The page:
SAYBROOK TOWNSHIP — A Lakeside Junior High School boy is facing charges in juvenile court after being accused of making threats toward the school and another student.

The boy could face a felony charge of inducing panic and a misdemeanor charge of disorderly conduct, according to a police report. County Prosecutor Nicholas Iarocci said the incident is under review by his office.

A sheriff’s office deputy met with school officials Monday where the boy openly admitted to talking about shooting up the school, the report states. 

The boy was first accused of making threats on Sept. 11 and the sheriff’s office was notified that other students saw the boy making a hit list at his lunch table, the report states. School officials met with the boy and his father at that time, where the boy admitted to being upset although he said he would never hurt anyone and he did not realize the seriousness of his actions.

“After a lengthy conversation we felt that [the boy] was not a threat and it was agreed upon that he would start counseling,” a deputy wrote in the report. The report also states the boy received a “school consequence” at that time.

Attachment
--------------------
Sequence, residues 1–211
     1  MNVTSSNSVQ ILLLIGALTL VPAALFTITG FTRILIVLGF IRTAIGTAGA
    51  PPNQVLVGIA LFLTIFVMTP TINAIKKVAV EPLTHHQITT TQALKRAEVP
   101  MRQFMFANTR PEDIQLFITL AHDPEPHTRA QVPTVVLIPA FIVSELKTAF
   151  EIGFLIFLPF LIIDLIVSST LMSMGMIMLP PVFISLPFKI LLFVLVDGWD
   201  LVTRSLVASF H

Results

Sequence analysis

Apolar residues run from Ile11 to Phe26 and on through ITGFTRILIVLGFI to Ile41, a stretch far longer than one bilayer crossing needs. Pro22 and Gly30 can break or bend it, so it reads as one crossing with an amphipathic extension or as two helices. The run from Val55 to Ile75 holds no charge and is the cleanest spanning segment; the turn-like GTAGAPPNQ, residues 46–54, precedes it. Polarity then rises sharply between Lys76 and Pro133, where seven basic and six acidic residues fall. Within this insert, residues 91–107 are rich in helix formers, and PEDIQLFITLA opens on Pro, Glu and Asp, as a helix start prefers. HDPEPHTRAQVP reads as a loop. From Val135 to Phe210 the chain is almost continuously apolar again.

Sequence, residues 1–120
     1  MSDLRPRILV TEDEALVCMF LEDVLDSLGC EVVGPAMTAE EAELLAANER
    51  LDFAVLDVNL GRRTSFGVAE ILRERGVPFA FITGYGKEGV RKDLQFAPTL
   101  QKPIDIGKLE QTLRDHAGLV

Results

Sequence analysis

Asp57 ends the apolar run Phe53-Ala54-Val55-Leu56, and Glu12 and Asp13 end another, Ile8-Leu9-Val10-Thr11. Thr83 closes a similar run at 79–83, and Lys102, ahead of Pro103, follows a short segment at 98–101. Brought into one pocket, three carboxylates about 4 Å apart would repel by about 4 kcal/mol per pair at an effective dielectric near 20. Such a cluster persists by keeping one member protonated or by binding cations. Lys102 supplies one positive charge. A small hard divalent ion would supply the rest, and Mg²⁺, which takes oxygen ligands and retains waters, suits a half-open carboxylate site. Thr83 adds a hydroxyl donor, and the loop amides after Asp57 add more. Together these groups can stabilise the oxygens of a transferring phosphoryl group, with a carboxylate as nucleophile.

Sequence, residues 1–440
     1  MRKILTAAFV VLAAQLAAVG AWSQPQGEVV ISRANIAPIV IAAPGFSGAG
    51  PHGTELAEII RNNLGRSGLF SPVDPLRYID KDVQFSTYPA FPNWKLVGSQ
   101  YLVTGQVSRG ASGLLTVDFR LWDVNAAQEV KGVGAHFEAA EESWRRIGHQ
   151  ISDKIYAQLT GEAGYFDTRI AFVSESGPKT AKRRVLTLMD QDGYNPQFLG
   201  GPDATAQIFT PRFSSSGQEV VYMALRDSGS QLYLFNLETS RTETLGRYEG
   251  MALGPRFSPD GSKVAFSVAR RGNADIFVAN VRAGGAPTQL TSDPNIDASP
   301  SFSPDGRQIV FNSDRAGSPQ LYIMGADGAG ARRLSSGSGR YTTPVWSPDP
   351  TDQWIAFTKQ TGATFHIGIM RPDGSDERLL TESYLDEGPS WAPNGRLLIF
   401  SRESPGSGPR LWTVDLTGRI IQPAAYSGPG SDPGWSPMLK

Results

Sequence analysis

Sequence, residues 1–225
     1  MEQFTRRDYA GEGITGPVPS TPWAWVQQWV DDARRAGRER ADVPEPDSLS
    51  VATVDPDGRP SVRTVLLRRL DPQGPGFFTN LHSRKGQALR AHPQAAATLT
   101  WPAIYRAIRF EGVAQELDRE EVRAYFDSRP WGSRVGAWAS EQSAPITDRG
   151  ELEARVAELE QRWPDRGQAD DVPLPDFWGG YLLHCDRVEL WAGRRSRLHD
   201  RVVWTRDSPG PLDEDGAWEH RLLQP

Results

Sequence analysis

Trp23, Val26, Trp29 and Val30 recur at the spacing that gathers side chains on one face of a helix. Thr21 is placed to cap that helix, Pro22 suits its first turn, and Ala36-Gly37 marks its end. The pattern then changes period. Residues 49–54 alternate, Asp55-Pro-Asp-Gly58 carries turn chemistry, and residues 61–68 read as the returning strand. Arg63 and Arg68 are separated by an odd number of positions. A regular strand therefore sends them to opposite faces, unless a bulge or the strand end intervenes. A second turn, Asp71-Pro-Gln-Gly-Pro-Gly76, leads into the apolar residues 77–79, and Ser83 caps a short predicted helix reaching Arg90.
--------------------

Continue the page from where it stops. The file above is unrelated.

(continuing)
On Oct. 11 a deputy was informed the boy again made remarks about shooting up the school, the report states. Parents had called the school about statements two of the boy’s classmates heard him saying while they were all playing an online video game.

Superintendent Mark Potts said the incident was investigated.

“On September 11th, we were alerted to possible threatening comments made by a student,” Potts wrote in a statement. “We have a very detailed safety protocol that was followed. Law enforcement determined that there was no threat.”

However, Potts has a different take on what occurred in the second incident. On Oct. 11, Potts wrote, the issue resurfaced when the student reported to another why he had gotten in trouble.

The boy also reportedly told officials during the Monday meeting that when other students have asked him about the September incident he tells them the truth.

A thorough investigation determined that there was no second threat, Potts said. Students and staff were never in harm’s way and the student no longer attends that building, Potts said.

“AACS takes all threats seriously, and we want to continue to encourage students that if they hear something or see something to say something,” Potts wrote.

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